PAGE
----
The UN Environment Programme named seven young scientists, engineers, entrepreneurs and activists from across the globe as its 2020 Young Champions of the Earth. With solutions to harvest water from the air, recycle plastic into paving slabs, and motivate fishing boats to haul tonnes of plastic out of the ocean, these change-makers show how innovative ideas coupled with ambitious action can help solve some of the world’s most pressing environmental challenges. They’ll receive seed funding, mentoring and communications support to amplify their efforts.
Young Champion of the Earth is a forward-looking prize designed to breathe life into the ambitions of brilliant young environmentalists aged 18 – 30. Shortlisted finalists from every region have been selected following an open call for applications. A Global Jury will then choose seven winners. Each winner is expected to implement their big idea and keep UNEP updated on their progress by producing videos and blogs. Winners will also be given funding to support their communication efforts throughout the year, so that they can produce high-quality materials to share with our audiences.
For over a decade, the UNEP Emissions Gap Report has provided a yearly review of the difference between where greenhouse emissions are predicted to be in 2030 and where they should be to avoid the worst impacts of climate change. The report finds that, despite a brief dip in carbon dioxide emissions caused by the COVID-19 pandemic, the world is still heading for a temperature rise in excess of 3°C this century – far beyond the Paris Agreement goals of limiting global warming to well below 2°C and pursuing 1.5°C.
Crop Certification: Going green unlocks global markets for farmers
The UNEP report conducts a rigorous assessment of the contribution of material efficiency in residential buildings and light duty vehicle to greenhouse gas abatement strategies.
UNEP’s novel World Environment Situation Room provides real-time data on fine particulate matter in the atmosphere from fires, informing scientists, policy-makers and citizens alike. The platform is a collaboration between the UN and Swiss firm IQAir, which operates its own air quality monitoring platform. At maximum zoom-out, it shows a map of the planet, with arrows depicting wind patterns and air quality areas represented by a shading system; green is good, yellow moderate, orange is unhealthy for sensitive groups.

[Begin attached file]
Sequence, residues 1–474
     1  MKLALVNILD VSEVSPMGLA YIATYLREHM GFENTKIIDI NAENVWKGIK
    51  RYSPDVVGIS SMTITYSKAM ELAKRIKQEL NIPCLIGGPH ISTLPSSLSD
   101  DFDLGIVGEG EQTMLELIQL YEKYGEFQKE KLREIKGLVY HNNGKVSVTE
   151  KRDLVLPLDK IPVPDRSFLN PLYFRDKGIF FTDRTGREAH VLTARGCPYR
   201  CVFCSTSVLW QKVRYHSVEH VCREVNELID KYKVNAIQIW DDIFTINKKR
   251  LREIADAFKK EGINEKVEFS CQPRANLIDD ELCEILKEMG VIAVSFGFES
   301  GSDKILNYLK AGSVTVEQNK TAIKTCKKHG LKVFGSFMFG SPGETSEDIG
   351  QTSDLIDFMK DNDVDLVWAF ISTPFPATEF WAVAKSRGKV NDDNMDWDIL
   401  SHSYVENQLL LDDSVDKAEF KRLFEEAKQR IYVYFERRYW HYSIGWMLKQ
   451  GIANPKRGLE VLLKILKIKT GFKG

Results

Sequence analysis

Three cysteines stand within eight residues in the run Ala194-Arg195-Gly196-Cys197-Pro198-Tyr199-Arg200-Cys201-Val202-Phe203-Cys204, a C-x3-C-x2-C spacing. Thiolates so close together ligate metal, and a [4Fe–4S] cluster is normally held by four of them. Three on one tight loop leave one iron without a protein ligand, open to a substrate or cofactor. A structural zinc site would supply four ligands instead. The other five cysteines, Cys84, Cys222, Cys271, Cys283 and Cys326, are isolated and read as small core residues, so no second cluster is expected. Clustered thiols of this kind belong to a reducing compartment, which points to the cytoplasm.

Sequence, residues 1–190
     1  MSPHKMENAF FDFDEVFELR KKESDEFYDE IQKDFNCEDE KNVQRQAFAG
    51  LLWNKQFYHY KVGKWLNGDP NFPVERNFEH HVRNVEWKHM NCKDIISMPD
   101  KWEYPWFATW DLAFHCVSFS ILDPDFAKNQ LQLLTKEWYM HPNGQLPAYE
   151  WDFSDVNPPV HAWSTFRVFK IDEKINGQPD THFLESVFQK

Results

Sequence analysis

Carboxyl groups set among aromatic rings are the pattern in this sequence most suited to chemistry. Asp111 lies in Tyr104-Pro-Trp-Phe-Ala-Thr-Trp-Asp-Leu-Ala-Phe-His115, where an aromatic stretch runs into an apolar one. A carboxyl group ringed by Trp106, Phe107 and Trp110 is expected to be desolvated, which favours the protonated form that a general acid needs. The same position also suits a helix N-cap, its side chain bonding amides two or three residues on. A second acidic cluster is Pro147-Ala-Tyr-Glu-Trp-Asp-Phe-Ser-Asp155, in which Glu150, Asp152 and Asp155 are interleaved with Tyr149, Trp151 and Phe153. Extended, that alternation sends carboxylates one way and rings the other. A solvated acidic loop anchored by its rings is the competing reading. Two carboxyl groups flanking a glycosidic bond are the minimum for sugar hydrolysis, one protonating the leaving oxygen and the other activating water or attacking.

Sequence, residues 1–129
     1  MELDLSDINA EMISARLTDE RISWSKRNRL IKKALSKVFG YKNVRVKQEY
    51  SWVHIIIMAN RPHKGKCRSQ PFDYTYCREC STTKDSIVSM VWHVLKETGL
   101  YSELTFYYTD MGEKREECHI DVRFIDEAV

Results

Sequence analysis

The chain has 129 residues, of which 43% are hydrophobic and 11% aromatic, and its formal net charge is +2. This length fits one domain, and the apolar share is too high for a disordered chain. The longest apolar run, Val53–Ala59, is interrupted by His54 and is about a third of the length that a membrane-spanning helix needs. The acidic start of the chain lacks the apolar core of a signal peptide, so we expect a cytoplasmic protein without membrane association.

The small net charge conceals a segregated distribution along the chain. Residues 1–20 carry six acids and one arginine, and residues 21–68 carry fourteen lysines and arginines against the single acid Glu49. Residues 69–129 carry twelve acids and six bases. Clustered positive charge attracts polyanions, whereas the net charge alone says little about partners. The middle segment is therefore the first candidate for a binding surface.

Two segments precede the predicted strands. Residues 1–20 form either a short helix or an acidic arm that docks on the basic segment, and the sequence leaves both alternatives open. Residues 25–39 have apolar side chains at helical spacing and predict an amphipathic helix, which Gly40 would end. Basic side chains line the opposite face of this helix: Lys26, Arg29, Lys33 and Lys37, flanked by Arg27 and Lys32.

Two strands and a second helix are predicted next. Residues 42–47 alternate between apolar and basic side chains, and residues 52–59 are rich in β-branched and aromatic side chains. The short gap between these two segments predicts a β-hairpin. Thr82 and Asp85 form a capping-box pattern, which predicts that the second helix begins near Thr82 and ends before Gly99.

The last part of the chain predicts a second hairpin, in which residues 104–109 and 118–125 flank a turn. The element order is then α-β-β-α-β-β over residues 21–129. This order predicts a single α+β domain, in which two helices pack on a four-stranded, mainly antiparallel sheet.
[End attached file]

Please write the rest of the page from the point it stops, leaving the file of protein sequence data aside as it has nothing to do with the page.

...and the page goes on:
To build knowledge on how nature functions to deliver goods and services to humanity, UNEP Wild for Life 2.0 campaign will bring users on a journey to 4 ecosystems, including peatlands.
Biodiversity is essential for people through its provision of nutritious food, clean water, medicines, and protection from extreme events.
All you need to know about air pollution
Some 330,000 premature deaths in the Americas are caused each year by pollution from open landfill dumpsites where waste is usually burned. In Latin America and the Caribbean there are thousands of dumpsites which are health hazards and which also contribute to climate change.
Late last year, flights were diverted from Delhi, thousands of schools were closed and people in the Indian capital were advised to stay indoors or wear masks. Now, India is gearing up for another surge in toxic air. In autumn, farmers across the northern part of the country will burn their fields to make way for a new crop. During the blazes, air pollution in Delhi can be 14 times greater than what the World Health Organization considers safe, with much of the country blanketed in a haze so thick, it can be seen from space.
While national and local interventions are largely focused on protecting lives and economies during COVID-19, management of hazardous waste is also essential to minimize long-term risks to human and environmental health. A UNEP new publication - Waste Management during the COVID-19 Pandemic: from response to recovery - reviews current practices for managing waste from healthcare facilities, households and quarantine locations accommodating people with confirmed or suspected cases of COVID-19.
2020 marks the third anniversary and is a milestone year for The Minamata Convention on Mercury.